fallen to about 26.4 %. Bilateral assistance totaled about $950 million 
in 1996-97, with the U.S. providing $30.7 million. The World Bank has 
announced that it plans to double its lending in India to about $3 
billion per year. The Asian Development Bank is also active in India. 

FOREIGN RELATIONS

India's size, population, and strategic location give it a prominent 
voice in international affairs, and its growing industrial base, 
military strength, and scientific and technical capacity give it added 
weight. It collaborates closely with other developing countries on 
issues from trade to environmental protection.

The end of the Cold War dramatically affected Indian foreign policy. 
India remains a leader of the developing world and the Non-Aligned 
Movement (NAM), and hosted the NAM Heads of State Summit in 1997. India 
is now also seeking to strengthen its political and commercial ties with 
the United States, Japan, the European Union, Iran, China, and the 
Association of Southeast Asian Nations. India is an active member of the 
South Asia Association for Regional Cooperation (SAARC) and the Indian 
Ocean Rim Association for Regional Cooperation (IORARC).

India has always been an active member of the United Nations. India is 
now seeking a permanent seat on the UN Security Council in addition to 
other UN reforms. India has a long tradition of participating in UN 
peacekeeping operations and most recently contributed personnel to UN 
operations in Somalia, Cambodia, Mozambique, Kuwait, Bosnia, Angola, and 
El Salvador.

Bilateral And Regional Relations

Pakistan: India's relations with Pakistan are influenced by the 
centuries-old rivalry between Hindus and Muslims which led to partition 
of British India in 1947. The principal source of contention has been 
Kashmir, since the Hindu Maharaja chose in 1947 to join India although a 
majority of his subjects were Muslim. India maintains that his decision 
and the subsequent elections in Kashmir have made it an integral part of 
India. Pakistan asserts Kashmir's rights to self-determination through a 
plebiscite in accordance with an earlier Indian pledge and a UN 
resolution. This dispute triggered wars between the two countries in 
1947 and 1965.

In December 1971, following a political crisis in what was then East 
Pakistan and the flight of millions of Bengali refugees to India, 
Pakistan and India again went to war. The brief conflict left the 
situation largely unchanged in the west, where the two armies reached an 
impasse, but a decisive Indian victory in the east resulted in the 
creation of Bangladesh.

Since the 1971 war, Pakistan and India have made only slow progress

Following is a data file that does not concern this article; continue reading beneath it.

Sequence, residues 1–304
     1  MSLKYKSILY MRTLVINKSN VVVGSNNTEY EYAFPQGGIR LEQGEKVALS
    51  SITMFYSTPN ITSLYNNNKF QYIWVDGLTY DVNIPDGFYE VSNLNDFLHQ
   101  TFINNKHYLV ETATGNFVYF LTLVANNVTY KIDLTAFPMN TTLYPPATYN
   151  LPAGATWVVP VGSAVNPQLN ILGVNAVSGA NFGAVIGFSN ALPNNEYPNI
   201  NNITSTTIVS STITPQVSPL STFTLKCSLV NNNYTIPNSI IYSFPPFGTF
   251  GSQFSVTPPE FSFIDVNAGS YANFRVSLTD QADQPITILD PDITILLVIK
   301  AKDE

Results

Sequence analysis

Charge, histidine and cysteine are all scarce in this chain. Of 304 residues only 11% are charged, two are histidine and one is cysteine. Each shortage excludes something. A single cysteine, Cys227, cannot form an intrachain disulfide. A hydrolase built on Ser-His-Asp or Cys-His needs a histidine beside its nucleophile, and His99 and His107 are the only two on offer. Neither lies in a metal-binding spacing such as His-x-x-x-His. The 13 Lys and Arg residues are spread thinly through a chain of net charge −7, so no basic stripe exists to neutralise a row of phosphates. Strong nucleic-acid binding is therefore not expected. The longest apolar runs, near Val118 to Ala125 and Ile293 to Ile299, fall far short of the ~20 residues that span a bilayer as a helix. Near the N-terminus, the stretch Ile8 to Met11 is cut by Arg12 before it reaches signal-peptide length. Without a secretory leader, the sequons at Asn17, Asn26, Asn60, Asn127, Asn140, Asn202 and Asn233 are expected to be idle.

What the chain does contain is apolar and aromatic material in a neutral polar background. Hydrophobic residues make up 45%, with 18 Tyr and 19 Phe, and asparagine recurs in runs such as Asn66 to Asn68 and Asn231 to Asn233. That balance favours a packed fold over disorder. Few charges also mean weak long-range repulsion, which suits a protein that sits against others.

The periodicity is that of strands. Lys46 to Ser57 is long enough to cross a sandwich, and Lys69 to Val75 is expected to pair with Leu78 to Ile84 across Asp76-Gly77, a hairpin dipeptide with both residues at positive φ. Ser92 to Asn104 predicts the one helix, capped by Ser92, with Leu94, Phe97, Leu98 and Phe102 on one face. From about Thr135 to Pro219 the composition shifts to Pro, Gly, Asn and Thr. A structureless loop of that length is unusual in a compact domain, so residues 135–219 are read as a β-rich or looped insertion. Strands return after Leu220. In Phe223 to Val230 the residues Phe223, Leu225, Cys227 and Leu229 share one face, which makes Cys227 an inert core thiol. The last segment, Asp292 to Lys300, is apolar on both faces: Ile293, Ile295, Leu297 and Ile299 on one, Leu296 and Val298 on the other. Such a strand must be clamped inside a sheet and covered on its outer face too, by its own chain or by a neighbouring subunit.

toward normalization of relations. In July 1972, Indian Prime Minister 
Indira Gandhi and Pakistani President Zulfikar Ali Bhutto met in the 
Indian hill station of Simla. They signed an agreement which called for 
resolving peacefully, through bilateral negotiations, the problems 
resulting from the war. Diplomatic and trade relations were re-
established in 1976.

After the 1979 Soviet invasion of Afghanistan, new strains appeared in 
India-Pakistan relations; Pakistan supported the Afghan resistance, 
while India implicitly supported Soviet occupation. In the following 
eight years, India voiced increasing concern over Pakistani arms 
purchases, U.S. military aid to Pakistan, and Pakistan's nuclear weapons 
program. In an effort to curtail tensions, the two countries formed a 
joint commission. In December 1988, Prime Minister Benazir Bhutto 
concluded a pact not to attack each other's nuclear facilities. 
Agreements on cultural exchanges and civil aviation also were initiated. 

In 1997, high-level Indo-Pakistani talks resumed after a three-year 
pause. The prime ministers of India and Pakistan met twice and the 
foreign secretaries conducted three rounds of talks. In June of 1997, 
the foreign secretaries identified eight "outstanding issues" around 
which continuing talks would be focused. The dispute over the status of 
Jammu and Kashmir, an issue since partition, remains the major stumbling 
block in their dialogue. India maintains that the entire former princely 
state is an integral part of the Indian union, while Pakistan insists 
that U.N. resolutions calling for self-determination of the people of 
the state must be taken into account.

SAARC: Certain aspects of India's relations within the subcontinent are 
conducted through the South Asia Association for Regional Cooperation 
(SAARC). Its members are Bangladesh, Bhutan, India, Maldives, Nepal, 
Pakistan, and Sri Lanka. Established in 1985, SAARC encourages 
cooperation in agriculture, rural development, science and technology, 
culture, health, population control, narcotics, and terrorism.

SAARC has intentionally stressed these "core issues" and has not served 
as a forum for more divisive political issues, although political 
dialogue is often conducted on the margins of SAARC meetings. In 1993, 
India and its SAARC partners signed an agreement to lower tariffs within 
the region over time. With the implementation of the South Asian 
Preferential Trade Agreement (SAPTA), SAARC now has set as a goal to 
finalize the South Asian Free Trade Agreement (SAFTA) by 2005.